Arbitration and non-contractual claims

In the previous post, I examined a decision, regarding arbitration and contractual restitutions, that in my opinion is not correct. On the basis of theoretical principles and in accordance with the case-law of the Supreme Court, this decision is in contrast with the favor arbitrati of Italian law.

I have therefore researched Italian State Courts decision on a very narrow (but interesting) issue: that concerning arbitration of claims under Article 1669 of the Italian Civil Code; that is to say, non-contractual claims connected to a contractual relationship. At the end of my research, I found that some State Courts maintain that Arbitral tribunals have jurisdiction over these claims (Court of Appeal of Catania, decision No. 820 of 10 April 2019, Italian text available here; and Court of Appeal of Bologna, decision No. 2453 of 5 October 2018, Italian text available here). And they do so even though the Italian Supreme Court laid down principles leading to the opposite conclusion (Italian Supreme Court, II Civil Chamber, decision No. 1674 of 3 February 2012, Italian text available here; and Italian Supreme Court, II Civil Chamber, decision No. 4035 of 15 February 2017, Italian text available here) .

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Contractual restitutions and arbitration

A recent decision issued by the Court of first instance of Milan (decision No. 7884 of 22 August 2019, Italian text available here) concerns the relationship between contractual restitutions and arbitration.

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Arbitration and tort claims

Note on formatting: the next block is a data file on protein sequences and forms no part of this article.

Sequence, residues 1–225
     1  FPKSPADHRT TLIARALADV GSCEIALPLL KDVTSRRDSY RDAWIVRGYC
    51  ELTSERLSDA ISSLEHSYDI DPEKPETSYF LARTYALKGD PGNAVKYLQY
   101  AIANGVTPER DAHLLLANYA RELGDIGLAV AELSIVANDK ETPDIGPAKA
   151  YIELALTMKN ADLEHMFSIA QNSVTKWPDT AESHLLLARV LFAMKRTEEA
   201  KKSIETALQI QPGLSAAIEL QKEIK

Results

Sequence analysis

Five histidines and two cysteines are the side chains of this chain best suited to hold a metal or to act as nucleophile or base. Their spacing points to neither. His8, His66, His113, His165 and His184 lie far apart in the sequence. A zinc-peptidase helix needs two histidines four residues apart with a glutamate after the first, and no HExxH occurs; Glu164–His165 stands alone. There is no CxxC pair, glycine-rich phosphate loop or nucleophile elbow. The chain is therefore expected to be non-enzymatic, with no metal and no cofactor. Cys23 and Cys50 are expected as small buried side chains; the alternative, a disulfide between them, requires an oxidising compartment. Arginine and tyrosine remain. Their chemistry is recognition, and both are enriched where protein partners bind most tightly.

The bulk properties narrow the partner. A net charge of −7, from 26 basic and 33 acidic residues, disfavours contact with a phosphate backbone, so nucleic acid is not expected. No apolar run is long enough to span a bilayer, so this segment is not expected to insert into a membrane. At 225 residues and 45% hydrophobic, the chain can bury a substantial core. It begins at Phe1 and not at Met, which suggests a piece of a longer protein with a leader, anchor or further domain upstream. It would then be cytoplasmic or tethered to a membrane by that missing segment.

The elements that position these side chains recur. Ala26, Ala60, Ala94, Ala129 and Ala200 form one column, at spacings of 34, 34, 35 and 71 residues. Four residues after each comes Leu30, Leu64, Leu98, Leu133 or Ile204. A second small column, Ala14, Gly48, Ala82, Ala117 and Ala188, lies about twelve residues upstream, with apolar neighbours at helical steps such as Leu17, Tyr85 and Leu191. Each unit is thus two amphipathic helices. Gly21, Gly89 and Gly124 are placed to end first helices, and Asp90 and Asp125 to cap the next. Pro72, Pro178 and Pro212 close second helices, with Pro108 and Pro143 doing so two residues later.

Italian Arbitration Law, as amended in 2006, expressly provides for the parties to enter into an arbitration clause concerning their possible tort disputes.  Indeed, Article 808(b) of Italian Code of Civil Procedure, as enacted by 2006 reform, sets forth that "The parties may establish, in a specific agreement, that future disputes relating to one or more specific non-contractual relations be decided by arbitrators (…)."

There are only a few reported cases concerning Article 808(b) of Italian Code of Civil Procedure, and therefore it appears that that tool is rarely used.  Nonetheless, it could be very helpful: for instance, in the case of related actions, it could prevent the doctrine of "parallel paths" from applying.

A recent decision of the Italian Supreme Court (Supreme Court, VI Civil Chamber, decision no. 20673 of 13 October 2016, Italian text available here) deals with that matter. As far as I know, it is the first decision issued by the Italian Supreme Court concerning the construction of Article 808(b) of Italian Code of Civil Procedure.

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